Equine asthma is a chronic inflammatory respiratory tract disease caused by an immunological reaction due to hypersensitivity. The disease resembles human asthma. In asthma, the respiratory tract of the horse responds to dust in inhaled air, resulting in increased mucus secretion as well as the obstruction and subsequent remodelling of the airways. Long-term exposure to dust and moulds in the air in stables is considered the primary factor predisposing horses to the disorder. The role of respiratory tract infections in the onset of asthma remains unclear.
Equine asthma is divided into mild/moderate and severe asthma. In the mild forms of the disease, clear symptoms may not be observed, but the horse’s functioning may be reduced. In severe forms of the disease, the horse pants and coughs. When examining the respiratory tract, the horse undergoes a general physical examination, in addition to which blood samples are taken, manure samples, if needed, are collected, the horse’s airways are examined and, if needed, lavage samples are taken from the respiratory tract. In addition, an X-ray of the lungs can be taken. With the help of these tests and examinations, other problems associated with the respiratory tract can be excluded, including bacterial, viral and parasitic infections as well as structural problems in the respiratory tract.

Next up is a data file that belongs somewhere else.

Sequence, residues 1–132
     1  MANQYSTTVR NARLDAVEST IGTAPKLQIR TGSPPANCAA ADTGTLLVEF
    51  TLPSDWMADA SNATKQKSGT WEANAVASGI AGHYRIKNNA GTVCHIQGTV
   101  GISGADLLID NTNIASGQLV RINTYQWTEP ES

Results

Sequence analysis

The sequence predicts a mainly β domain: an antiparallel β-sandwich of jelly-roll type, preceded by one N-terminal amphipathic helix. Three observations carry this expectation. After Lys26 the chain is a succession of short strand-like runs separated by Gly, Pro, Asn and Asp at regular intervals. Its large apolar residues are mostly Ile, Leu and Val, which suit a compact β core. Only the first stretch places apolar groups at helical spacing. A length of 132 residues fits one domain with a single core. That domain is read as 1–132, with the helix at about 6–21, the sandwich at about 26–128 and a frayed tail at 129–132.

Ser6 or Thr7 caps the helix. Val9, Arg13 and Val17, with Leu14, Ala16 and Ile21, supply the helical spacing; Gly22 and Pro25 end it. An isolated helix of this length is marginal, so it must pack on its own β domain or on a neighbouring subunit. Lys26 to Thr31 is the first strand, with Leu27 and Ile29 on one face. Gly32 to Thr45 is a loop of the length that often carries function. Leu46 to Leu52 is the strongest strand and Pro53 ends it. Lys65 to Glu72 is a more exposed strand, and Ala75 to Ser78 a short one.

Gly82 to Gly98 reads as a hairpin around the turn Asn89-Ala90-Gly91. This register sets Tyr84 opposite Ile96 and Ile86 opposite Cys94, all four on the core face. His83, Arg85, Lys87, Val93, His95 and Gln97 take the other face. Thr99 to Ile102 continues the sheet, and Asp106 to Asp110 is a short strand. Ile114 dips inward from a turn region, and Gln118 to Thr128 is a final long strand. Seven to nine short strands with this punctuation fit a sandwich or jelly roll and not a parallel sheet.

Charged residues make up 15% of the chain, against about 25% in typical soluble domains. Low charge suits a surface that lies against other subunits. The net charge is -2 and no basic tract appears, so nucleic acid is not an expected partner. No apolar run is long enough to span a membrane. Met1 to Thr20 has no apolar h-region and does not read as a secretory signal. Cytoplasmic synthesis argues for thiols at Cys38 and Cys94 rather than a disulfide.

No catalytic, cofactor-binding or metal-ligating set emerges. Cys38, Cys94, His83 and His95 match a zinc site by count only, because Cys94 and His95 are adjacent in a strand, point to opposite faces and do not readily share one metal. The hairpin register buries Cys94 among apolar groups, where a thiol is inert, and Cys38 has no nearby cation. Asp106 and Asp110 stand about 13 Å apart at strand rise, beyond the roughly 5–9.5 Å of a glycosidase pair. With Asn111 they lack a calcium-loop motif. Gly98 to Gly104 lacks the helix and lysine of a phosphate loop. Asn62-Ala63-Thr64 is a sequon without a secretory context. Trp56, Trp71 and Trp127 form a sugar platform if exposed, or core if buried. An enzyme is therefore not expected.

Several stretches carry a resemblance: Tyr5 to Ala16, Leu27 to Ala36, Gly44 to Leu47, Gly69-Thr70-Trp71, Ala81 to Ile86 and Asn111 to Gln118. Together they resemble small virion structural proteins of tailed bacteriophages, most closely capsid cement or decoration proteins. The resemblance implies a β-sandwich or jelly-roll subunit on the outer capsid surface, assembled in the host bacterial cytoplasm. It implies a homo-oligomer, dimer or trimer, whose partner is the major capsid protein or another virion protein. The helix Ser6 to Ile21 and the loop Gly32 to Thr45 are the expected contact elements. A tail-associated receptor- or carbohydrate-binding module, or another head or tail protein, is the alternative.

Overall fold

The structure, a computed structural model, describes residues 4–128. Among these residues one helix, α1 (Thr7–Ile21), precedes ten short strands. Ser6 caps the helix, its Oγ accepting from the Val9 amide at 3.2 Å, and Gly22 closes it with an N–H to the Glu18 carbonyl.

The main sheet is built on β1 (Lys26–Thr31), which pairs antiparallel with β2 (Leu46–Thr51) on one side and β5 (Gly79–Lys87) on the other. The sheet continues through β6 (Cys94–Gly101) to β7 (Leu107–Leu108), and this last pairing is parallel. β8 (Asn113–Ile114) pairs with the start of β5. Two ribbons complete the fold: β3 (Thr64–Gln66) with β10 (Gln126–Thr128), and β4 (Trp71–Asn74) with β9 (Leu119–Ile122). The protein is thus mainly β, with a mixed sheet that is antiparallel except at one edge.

The pathogenetic mechanism of equine asthma is not fully known, which hinders the early diagnosis and accurate treatment of the disease. Asthma research is conducted to determine the pathogenetic mechanism and to ensure better treatment for horses.
Patient data from the Equine Hospital are utilised in a research project looking into the reliability of various respiratory tract specimen collection techniques. The results will help veterinarians to choose the most reliable way of examining patients suffering from respiratory tract-related ailments.
Collaboration is also conducted with the Finnish Equine Information Centre in Kuopio, which investigates the incidence of respiratory tract infections among free-range foals and related risk factors. In addition, the quality of bacteria living in the respiratory tracts of free-range foals is studied.